Potential Labor Threats on the Horizon
A Government Affairs Update
The start of each new legislative session is always an exciting time. The long and rigorous days on the campaign trail finally come to fruition as both legislators and staff begin a new chapter in their lives. As with all changes, a new legislative term brings new challenges along with opportunities. For the first time in 40 years, Michigan’s Executive, Judicial, and Legislative branches of government are all controlled by Democrats. This change in leadership will not alter the Michigan Restaurant & Lodging Association’s (MRLA) mission of being the leading voice on behalf of Michigan’s hospitality industry. It may, however, at times adjust our approach to shaping public policy. Here is a look at our top legislative priorities as we approach a new year with new leadership as an industry.
Workforce development will continue to stay at the top of list in our advocacy efforts as the industry remains an estimated 20,000 employees short of 2019 staffing levels. Last year, the MRLA was successful in securing a record $2.5 million in funding for the ProStart
and Hospitality and Tourism Management Programs (HTM). While the ProStart Program trains the future of our hospitality industry, ensuring the survival and longevity of the employees who endured the pandemic and already exist within the hospitality industry remains a top priority. This is why the MRLA founded the Hospitality Training Institute of Michigan (HTIM) with the mission to provide current employees quality training to advance their skills sets, grow operational knowledge and expand necessary attributes to expand their career options in the hospitality industry. The MRLA has already met with several newly elected leaders to advocate for funding to
support foster growth for the HTIM.
The hospitality industry happily accommodates busy students, working parents and those who just want to make some extra money. These diverse groups of people come to our industry for one reason: flexibility. The ability to make your own schedule and pick up extra hours allows many of these individuals to craft their own schedule. New legislation has been introduced that targets one of the hospitality industry’s most appealing factors. If signed, the law would require a schedule be provided to employees 14 days in advance with limited ability to amend the schedule or have employees on call. Work has begun to educate lawmakers on why this practice hinders one of the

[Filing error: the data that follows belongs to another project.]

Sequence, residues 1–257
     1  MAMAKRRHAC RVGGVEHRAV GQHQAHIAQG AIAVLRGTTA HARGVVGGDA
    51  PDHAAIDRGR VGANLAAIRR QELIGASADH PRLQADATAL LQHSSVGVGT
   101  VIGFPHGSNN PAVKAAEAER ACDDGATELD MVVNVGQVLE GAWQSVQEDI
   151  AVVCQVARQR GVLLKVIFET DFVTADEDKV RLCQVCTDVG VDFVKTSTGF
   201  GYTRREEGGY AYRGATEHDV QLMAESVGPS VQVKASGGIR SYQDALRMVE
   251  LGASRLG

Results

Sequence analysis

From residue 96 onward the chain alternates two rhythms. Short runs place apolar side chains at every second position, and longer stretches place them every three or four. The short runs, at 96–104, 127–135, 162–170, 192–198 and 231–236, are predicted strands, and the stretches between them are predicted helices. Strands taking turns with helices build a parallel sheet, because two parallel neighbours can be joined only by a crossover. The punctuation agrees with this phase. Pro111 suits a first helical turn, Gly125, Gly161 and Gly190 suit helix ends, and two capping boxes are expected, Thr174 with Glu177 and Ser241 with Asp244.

greatest benefits of the hospitality industry. Only one other state has been successful in implementing predictive scheduling statewide and the MRLA will continue the fight to ensure that Michigan is not the second.
Labor Council Threats
In addition to predictive scheduling, other new threats arise as the debate over wages in the hospitality industry continues. For those not familiar with the Fast Act, it is a California law that creates a 10-member state council or “Fast Food Council” with wide-ranging authority over fast food and fast casual restaurants. The council could raise the minimum wage to $22 per hour in 2023 and up to 3.5% annually after that. It could also set minimum standards for working conditions, maximum hours worked, security, and more. After approval by the legislature, a lawsuit has temporarily delayed implementation of the California Fast Act. A Michigan version of the Fast Act has not been introduced yet, but with this legislative session still in its infancy, the potential threat is still on the horizon. The MRLA is prepared to
be the leading voice in opposition should similar legislation be introduced in Michigan.
As an industry and at the MRLA, we don’t back down from a challenge. As components of our industry may feel unstable in terms of inflation, supply chain issues, or major changes in our state leadership, the promise the MRLA makes to its members is that it will always be a stabilizing force in our guarantee to be the only voice working on behalf of Michigan’s entire hospitality industry in Lansing. For questions, please contact VP of Government Affairs, John McNamara at email@example.com.